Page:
Lost Planet: Extreme Condition
Developed by Capcom
Available Now for Xbox 360

Okay, so those giant bugs in Starship Troopers? Pretty sweet, right? Hell yes they are! And those giant worms from Tremors? Badass! And those giant robots from Neon Genesis Evangelion? Right again, Sherlock! AWESOME! So Lost Planet: Extreme Condition—a game that combines all these excellent things into a hodgepodge of fast-shootin', bug-killin', robot-drivin' action—should be a lot of fun, right? I mean, I've failed every math class I've ever been forced to take, but I do know shooting things + exploding bugs + big robots should = a solid way to spend a weekend on the couch.

I'm too lazy to work that equation out with a calculator, but for the most part, the sci-fi shooter Lost Planet succeeds in pulling the elements together. You play as Wayne, a dude stuck on a frozen planet that might as well be named Hoth—see, humans have come to Hoth, only to be attacked by the aforementioned Starship Tremors aliens. Loading themselves up with a few million rounds of ammo and some bug-stompin' robot suits, humankind—having learnt much, apparently, from exterminating indigenous life forms and races here on Earth—sets about blowing up every bug we can find.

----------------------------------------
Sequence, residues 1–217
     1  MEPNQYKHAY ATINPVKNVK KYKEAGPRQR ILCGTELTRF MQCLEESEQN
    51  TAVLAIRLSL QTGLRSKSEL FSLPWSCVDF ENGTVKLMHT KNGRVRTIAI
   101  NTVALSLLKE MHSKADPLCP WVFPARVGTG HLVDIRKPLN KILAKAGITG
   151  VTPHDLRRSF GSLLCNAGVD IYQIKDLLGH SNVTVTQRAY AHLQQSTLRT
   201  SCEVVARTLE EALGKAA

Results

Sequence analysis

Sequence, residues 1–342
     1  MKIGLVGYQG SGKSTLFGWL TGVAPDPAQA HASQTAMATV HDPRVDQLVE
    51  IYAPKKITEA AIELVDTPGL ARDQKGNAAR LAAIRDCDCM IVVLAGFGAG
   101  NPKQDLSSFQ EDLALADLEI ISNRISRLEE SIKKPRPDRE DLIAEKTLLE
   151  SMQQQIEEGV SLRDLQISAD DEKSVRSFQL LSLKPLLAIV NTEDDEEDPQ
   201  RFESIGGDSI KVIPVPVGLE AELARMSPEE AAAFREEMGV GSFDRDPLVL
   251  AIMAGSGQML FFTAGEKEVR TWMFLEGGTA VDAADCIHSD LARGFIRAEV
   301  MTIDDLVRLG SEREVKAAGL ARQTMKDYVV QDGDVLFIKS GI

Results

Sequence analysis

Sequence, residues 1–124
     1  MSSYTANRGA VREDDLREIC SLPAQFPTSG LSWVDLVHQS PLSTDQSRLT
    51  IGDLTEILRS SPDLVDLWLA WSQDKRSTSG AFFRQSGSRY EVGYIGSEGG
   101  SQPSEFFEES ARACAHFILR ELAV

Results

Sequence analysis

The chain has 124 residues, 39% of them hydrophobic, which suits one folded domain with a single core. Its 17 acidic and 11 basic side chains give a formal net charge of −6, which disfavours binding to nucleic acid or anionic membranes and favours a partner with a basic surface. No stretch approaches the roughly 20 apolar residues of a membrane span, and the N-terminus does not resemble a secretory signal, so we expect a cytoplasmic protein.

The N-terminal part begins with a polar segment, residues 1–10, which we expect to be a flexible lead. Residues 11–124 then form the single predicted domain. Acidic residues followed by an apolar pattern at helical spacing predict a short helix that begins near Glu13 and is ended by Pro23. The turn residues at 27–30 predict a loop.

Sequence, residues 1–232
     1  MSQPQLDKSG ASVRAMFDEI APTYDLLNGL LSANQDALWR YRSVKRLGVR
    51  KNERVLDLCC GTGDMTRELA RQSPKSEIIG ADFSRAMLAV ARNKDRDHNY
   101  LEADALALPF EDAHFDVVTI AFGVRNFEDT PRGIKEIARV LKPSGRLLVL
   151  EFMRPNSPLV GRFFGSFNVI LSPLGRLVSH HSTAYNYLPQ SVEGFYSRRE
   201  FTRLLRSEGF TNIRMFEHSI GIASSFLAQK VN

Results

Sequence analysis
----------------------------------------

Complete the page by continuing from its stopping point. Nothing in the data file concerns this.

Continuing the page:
With constant action and killer production design, Lost Planet's consistently entertaining—at least, it is when you're on foot, running through snowy expanses and shooting everything in sight. When the game forces you into the big robots, though, things get clunky: Sketchy control issues persist, and the focus bewilderingly shifts from shooting at dumb aliens to shooting at dumb people. (Dumb aliens are believable—I mean, they're giant worms, for chrissakes—but the people you end up fighting are so retarded they'll make you wonder if humanity's better off turning into a bunch of icicles.) Great graphics and a turn from South Korean movie star Lee Byung-hun as Wayne should help sell Lost Planet's story and cut scenes, but ultimately, they don't—so while it's fun for a while, Lost Planet doesn't quite hold up. But then, neither do Starship Troopers or Tremors, and that doesn't make me love them any less.